Heirs or Errors to the Throne? The Importance of Thoughtful Business Entrance Planning

The following was authored by attorney, Shannon G. McCoy, Lamson, Dugan & Murray, LLP and written for submission in the National Land Improvement Contractors of America (LICA) newsletter.   

Succession planning frustration

One Month before Your Planned Retirement, 2038:

Owner:            Alright Steve, Mike, and Kelsey, the day has finally come, it is time to sell my 100% ownership interest in Family Business, LLC, and each of you gets to purchase an equal share, so I can finally retire!  Wait, where is Steve?

Mike:               Uh, Steve accepted an offer from Competitor Business Inc., he didn’t tell you?  Apparently they pay more than we do.  Also, I think I saw him downloading something from our computer onto a portable hard drive last week, some file called “customer contacts,” probably not that important though…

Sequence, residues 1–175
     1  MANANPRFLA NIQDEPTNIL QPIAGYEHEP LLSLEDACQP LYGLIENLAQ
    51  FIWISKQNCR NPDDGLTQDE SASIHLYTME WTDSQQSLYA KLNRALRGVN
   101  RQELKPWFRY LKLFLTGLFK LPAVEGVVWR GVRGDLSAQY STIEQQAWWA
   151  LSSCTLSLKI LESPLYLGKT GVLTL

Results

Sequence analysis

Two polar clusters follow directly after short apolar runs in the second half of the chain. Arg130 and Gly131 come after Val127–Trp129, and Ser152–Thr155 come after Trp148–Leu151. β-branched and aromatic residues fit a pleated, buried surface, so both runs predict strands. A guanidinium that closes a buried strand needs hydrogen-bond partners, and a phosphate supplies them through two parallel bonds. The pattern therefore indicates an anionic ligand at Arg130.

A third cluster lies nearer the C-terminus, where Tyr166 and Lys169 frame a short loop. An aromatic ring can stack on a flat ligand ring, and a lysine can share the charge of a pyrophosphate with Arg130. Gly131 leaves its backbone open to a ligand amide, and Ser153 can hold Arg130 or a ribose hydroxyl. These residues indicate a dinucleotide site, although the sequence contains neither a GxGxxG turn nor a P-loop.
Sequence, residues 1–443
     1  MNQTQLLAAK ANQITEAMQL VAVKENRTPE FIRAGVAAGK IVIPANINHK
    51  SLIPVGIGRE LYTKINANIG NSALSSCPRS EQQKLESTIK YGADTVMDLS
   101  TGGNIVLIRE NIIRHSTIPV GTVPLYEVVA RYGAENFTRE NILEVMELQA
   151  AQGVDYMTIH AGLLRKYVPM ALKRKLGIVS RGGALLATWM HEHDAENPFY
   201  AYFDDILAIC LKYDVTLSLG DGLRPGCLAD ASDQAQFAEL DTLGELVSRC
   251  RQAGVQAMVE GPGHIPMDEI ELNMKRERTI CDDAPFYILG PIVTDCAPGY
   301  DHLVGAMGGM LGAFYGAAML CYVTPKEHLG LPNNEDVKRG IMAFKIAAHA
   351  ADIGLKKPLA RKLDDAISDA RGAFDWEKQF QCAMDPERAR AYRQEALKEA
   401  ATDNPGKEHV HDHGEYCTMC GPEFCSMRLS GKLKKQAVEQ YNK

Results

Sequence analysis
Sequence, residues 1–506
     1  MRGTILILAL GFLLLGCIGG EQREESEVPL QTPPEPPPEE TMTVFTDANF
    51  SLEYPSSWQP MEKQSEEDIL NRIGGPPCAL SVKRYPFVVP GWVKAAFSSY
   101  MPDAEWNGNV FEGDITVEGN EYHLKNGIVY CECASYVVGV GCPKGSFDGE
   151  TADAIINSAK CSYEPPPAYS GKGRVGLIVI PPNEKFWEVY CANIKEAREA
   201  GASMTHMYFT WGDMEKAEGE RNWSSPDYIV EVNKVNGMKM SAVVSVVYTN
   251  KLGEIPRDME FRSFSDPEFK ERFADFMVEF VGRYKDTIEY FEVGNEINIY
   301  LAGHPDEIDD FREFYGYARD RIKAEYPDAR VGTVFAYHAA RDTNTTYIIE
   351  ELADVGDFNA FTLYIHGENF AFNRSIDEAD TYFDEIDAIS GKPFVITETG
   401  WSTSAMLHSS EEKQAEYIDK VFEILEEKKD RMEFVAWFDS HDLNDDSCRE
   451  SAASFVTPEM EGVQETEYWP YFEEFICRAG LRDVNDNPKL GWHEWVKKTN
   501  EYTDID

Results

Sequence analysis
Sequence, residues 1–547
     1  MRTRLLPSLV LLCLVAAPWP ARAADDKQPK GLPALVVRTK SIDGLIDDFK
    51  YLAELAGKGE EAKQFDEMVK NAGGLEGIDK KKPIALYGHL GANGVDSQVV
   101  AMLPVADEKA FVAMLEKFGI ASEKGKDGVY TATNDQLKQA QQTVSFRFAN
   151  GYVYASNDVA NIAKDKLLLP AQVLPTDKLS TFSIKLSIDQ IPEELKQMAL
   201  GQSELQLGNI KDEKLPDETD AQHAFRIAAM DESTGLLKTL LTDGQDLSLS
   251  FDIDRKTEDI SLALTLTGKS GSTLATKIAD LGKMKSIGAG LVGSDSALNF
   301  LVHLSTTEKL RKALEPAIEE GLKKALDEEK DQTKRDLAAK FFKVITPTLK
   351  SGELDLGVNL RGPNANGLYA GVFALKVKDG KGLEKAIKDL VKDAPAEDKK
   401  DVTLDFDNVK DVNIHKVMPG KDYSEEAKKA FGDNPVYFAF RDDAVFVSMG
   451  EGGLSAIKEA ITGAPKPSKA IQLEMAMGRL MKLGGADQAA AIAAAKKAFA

You:                What?!?  Steve was my best manager for the last 15 years, why did he never say he wasn’t paid enough?  Fine, I’ll just sell you two an equal share, I’ve already got reservations in Cancun next week, and I’m not cancelling them!

Kelsey:            Yeah actually I am looking elsewhere too.  I got tired of having no direction or control of my career. Everyone knew my title of “Vice President” meant nothing.

Owner:            Seriously?!? Fine, congrats Mike, you’re in charge.

Mike:               Awesome!  Finally, I can sell the company and use the money to support myself while I go back to art school, the world needs my velvet paintings! All I ever got to do around here was sweep floors anyway, soon I’ll be out of here!

Owner:             On second thought, the deal is off…get out of my office!